In the end, the kids in the book abandon plans for the event and news of an epidemic of sexually transmitted diseases rocks their school. But the front cover and book marketing emphasize titillation over education, overpowering any redeeming value the book might have. Indeed, according to Publisher's Weekly, the bound galleys sent to booksellers carried the provocative tagline, "don't you want to know what really goes down?"

The author and publisher of the book seem to have persuaded themselves that they are doing families a favor. Simon & Schuster did not return my call seeking comment, but Bethany Buck, Ruditis' editor, told USA Today the intention was to "scare" young readers (uh-huh) and Ruditis told Publisher's Weekly:

"Part of me doesn't understand why people don't want to talk about [oral sex]," he said. "Kids are having sex and they are actively engaged in oral sex and think it's not really sex. I raised questions in my book and I hope that parents and children or teachers and students can open a topic of conversation through it. Rainbow parties are such an interesting topic. It's such a childlike way to look at such an adult subject with rainbow colors."

Teenage group orgies are "an interesting topic?" Is Ruditis out of his mind? We can only pray Simon & Schuster keeps him away from the preschool "Rubbadubbers" books.

In a small sign that decency and common sense still survive in the marketplace, a number of children's book sellers are refusing to stock "Rainbow Party." But as Ruditis's comments indicate, it's just a matter of time before the book ends up on public school library shelves in the name of "educating" children and helping them "deal with reality." The teen lit market is now awash in sexually explicit books that would require brown-paper wrapping if sold at 7-11; their authors are being hailed as "edgy."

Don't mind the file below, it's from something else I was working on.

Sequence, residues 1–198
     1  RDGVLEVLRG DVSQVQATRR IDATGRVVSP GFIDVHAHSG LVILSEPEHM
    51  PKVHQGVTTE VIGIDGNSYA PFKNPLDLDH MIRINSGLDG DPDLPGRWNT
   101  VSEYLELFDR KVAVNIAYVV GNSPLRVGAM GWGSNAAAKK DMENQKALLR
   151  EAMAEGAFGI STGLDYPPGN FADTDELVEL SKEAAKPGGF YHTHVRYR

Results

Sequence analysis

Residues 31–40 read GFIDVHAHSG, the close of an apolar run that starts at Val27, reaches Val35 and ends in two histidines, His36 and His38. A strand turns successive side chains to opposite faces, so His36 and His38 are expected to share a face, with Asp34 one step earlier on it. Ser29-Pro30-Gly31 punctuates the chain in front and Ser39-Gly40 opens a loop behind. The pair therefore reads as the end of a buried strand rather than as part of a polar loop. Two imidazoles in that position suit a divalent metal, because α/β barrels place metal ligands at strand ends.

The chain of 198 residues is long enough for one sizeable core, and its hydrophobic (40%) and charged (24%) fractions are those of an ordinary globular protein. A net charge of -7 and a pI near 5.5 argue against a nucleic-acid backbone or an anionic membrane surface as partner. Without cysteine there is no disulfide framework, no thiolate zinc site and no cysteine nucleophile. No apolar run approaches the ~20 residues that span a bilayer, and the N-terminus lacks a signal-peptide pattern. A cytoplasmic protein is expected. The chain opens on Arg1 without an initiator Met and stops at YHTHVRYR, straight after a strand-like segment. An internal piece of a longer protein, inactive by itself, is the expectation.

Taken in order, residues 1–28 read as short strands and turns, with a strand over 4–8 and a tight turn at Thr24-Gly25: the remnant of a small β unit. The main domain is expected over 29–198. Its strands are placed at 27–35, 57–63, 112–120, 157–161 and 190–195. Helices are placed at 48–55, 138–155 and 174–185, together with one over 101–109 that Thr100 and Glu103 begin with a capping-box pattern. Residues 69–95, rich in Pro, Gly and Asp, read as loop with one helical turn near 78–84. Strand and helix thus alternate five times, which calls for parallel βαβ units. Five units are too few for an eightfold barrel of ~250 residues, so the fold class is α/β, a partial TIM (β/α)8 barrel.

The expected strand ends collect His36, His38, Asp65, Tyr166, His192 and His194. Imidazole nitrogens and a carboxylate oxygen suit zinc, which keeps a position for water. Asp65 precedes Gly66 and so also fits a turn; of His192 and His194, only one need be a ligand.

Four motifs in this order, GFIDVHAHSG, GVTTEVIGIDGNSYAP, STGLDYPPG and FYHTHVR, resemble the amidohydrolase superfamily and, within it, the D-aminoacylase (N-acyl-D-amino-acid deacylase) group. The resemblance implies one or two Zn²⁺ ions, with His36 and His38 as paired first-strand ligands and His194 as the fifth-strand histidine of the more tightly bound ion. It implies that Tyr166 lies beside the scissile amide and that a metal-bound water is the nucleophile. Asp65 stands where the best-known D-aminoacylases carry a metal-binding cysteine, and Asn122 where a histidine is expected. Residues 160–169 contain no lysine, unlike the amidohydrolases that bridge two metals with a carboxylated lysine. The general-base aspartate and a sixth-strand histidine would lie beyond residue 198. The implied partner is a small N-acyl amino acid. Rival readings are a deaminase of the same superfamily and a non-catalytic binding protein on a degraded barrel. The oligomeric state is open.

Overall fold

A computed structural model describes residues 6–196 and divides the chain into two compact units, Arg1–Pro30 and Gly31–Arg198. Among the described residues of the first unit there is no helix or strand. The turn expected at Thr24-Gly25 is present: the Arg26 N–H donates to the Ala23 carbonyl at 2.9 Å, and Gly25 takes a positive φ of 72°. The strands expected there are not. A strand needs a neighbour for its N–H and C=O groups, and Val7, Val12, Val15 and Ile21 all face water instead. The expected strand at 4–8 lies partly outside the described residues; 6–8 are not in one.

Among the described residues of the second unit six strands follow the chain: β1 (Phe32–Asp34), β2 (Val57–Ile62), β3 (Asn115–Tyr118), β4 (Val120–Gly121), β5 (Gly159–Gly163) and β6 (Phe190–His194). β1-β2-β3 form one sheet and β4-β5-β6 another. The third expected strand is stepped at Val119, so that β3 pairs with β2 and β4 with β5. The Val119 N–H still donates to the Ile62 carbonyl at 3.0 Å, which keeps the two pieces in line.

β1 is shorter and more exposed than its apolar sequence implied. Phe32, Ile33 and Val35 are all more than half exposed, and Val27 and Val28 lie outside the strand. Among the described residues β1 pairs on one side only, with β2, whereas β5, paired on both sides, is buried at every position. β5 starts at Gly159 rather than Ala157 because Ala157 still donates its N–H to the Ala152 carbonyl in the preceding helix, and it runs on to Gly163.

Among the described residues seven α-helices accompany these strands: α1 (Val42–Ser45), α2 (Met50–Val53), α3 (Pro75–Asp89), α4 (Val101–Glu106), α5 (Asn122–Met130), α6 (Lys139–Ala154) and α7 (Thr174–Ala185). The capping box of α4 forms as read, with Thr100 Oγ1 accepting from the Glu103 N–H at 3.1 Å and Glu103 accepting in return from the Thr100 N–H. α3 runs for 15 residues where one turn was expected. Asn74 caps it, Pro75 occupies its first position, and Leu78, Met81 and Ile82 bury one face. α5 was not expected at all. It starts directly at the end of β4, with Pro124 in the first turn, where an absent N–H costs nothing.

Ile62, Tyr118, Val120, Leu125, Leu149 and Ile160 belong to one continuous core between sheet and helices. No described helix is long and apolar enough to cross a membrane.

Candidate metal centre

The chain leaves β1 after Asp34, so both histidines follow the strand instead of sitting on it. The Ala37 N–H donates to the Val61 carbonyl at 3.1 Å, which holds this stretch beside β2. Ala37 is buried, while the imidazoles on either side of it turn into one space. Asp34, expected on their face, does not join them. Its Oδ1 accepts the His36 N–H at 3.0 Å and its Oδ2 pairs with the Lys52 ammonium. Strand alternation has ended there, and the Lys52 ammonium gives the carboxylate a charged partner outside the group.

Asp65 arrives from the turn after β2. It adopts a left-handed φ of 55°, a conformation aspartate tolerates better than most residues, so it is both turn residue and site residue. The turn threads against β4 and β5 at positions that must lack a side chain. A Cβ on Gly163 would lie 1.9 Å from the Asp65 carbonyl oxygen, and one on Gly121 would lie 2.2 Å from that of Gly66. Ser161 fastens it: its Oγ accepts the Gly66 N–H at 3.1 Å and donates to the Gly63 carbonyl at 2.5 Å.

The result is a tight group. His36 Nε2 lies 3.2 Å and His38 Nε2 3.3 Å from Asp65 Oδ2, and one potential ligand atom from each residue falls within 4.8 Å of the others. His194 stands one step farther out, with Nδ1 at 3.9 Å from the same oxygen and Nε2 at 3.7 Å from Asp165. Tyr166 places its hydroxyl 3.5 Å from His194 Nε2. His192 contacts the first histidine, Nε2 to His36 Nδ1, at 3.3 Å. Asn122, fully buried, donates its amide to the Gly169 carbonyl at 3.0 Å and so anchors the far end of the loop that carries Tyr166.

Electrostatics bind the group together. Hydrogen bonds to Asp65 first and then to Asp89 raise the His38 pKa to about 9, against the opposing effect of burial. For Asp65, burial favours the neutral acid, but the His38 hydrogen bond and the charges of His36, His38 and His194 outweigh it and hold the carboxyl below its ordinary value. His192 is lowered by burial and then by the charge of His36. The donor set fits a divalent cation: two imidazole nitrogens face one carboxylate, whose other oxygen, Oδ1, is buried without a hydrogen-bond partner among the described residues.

For once, radio shock jock Howard Stern has my sympathy. When Oprah Winfrey aired a show last year in which a guest joked bawdily about teenage "rainbow parties" under the guise of enlightening parents, Stern pointed out the regulatory double standards. Why should he be punished for indecent broadcasts while Oprah escaped scrutiny for equally explicit and exploitative content?

Stern is in the wrong line of work. If you want to peddle smut with society's approval, children's books and sex ed is where it's at.

It is just astonishing that people like Ruditis can get a major publisher to publish this book and then actually think that such a story is somehow good for children to read and that it should be used by parents and teachers to teach about sex. The guy must be out of his mind.

Intelligence Coup in Iraq

Captain's Quarters links us to a remarkable story in the London Press:

BEIRUT: A Syrian intelligence officer detained in Baghdad has admitted to launching the missile attack on the late premier Rafik Hariri's Future Television in June 2003, according to Al-Rai al-Aam Kuwaiti newspaper. In an article published on Wednesday, the newspaper said Hussein Ahmad Tah, 32, was arrested by Iraqi police when he was attempting to assassinate employees in an Iraqi public institution. Following his arrest, Tah decided to admit to his previous crimes, among which is the Future TV bombing. Tah said he worked for Syrian intelligence services, adding that he worked for a long time in Lebanon where he perpetrated several attacks. He then moved to Iraq, where he committed several attacks against mosques and Iraqi civilians.